Using a French press is actually much simpler than many Americans may think. It takes up less space than most traditional coffee makers, it doesn't require any electricity and it allows you to make a truly customized cup of delicious coffee.
French press coffee utilizes a manual brewing method. The brewer has ultimate control over all aspects of the coffee-making process — from the grind of coffee bean to the water temperature and even the brew time.
The design of the actual French press hasn’t changed much since its inception about 100 years ago. Despite being associated with artisanal coffee shops, French presses are surprisingly easy to use.
At its simplest, making French press coffee just requires you to add ground coffee beans and boiling water to the beaker-shaped carafe, steep it for a bit, then press the filter down to get your brew. However, there are some tips that all home cooks should keep in mind when making coffee with this device.
First, it's best to warm up the beaker of the French press with hot tap water before adding the grinds. This will help maintain a more even heat level throughout the steeping process.
Ideally, the boiling water should actually be around 200 degrees, which is just under the true boiling point of 212 degrees. So once water comes to a boil, let it sit for a minute or two while adding coffee to the warmed, emptied beaker. If you want to be super scientific about it, get out a kitchen thermometer and test the water temperature before pouring it over the coffee grounds.
When it's time to start pushing the plunger down, carefully and slowly apply pressure to move the filter down. It's normal to encounter a little resistance, however, if it’s going down too easily then the grind is too coarse; if it’s way too hard to push, then the grounds are too fine and they may be clogging up the filter.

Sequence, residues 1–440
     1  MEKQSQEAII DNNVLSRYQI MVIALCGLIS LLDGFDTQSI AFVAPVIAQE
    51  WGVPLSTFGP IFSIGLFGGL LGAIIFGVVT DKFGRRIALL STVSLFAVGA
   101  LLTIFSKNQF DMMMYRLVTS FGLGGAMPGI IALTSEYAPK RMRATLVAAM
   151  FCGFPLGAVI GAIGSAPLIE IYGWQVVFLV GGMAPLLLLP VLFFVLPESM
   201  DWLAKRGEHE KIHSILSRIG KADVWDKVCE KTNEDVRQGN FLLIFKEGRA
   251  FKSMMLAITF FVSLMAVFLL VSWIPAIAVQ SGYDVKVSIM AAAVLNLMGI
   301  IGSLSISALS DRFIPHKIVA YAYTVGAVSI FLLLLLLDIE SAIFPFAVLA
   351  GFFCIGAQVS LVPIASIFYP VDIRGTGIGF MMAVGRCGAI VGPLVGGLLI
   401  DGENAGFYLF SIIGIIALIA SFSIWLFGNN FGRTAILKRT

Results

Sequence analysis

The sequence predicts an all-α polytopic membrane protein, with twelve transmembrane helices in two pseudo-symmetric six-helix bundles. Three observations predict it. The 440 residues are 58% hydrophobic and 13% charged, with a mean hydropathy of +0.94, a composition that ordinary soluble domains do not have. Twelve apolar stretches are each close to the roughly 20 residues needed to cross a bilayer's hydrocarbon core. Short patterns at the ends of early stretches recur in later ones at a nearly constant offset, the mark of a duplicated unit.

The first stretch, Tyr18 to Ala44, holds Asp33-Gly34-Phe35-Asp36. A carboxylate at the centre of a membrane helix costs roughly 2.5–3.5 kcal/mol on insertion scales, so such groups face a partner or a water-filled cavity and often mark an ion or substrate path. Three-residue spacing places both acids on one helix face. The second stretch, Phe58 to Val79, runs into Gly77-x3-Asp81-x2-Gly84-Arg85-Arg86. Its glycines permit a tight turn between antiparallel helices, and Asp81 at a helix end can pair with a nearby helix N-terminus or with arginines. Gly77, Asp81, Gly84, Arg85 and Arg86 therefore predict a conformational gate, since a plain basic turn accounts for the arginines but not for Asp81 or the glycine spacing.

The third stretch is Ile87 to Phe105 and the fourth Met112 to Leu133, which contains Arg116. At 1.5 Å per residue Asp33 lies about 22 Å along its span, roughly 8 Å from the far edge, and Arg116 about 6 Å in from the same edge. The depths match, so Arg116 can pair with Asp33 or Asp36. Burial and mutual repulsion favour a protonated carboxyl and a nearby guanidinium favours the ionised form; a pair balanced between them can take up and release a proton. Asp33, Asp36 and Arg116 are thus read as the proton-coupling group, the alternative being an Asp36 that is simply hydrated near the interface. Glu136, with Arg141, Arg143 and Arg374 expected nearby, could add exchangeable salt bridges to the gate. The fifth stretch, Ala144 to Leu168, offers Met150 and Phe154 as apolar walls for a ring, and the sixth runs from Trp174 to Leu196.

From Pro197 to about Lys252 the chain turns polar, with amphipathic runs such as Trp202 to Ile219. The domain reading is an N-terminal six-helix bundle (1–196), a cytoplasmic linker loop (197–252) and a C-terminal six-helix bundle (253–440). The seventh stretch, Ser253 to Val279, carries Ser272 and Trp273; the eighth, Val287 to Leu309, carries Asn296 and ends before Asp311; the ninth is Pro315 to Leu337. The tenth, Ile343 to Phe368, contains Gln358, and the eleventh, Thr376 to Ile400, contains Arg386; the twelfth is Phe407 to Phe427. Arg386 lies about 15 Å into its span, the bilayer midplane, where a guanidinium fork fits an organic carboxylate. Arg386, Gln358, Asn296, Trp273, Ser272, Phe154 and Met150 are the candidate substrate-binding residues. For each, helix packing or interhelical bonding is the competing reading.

Since the coffee grounds are always in contact with the water, even after plunging the filter, you’ll want to pour out all of the coffee once steeped. Otherwise, it will over extract and begin to taste bitter. Pour the coffee into mugs or a thermos to keep it warm.
Keep in mind: A standard cup of water is 8 ounces, but a French press cup is 4 ounces. Most French presses come in four different sizes: 3-cup/12-ounce; 8-cup/34-ounce and 12-cup/51-ounce.
How to brew the perfect cup of coffee in a French press
Beans: Coarse grind
Coffee to water ratio: Roughly 2 tablespoons of coffee for every 8 ounces of water
Equipment: French Press and teapot or sauce pot
- For 3-cup French press: 3 tablespoons coffee, coarse grind and 10 ounces water, just below boiling
- For 8-cup French press: 8 tablespoons coffee, coarse grind and 30 ounces water, just below boiling
- For 12 cup French press: 12 tablespoons coffee, coarse grind and 48 ounces water, just below boiling
- Fill the French press with hot tap water. Set aside to warm up beaker.
- Fill teapot or sauce pot with water and bring just to a boil.
- Pour the hot tap water out of the French press and add in measured coffee grounds.
- Pour boiling water into French press.
- After 30 seconds, stir the coffee with a wooden spoon to break up the cap that forms.
- Place the lid on the French press and let brew steep for an additional 3 ½ minutes. (Total steep time will be about 4 minutes in an 8-cup press.)
- Press the plunger down slowly and carefully. Check to ensure no grounds are coming up through the filter.
- Pour the hot, filtered coffee into coffee cups or a carafe for serving.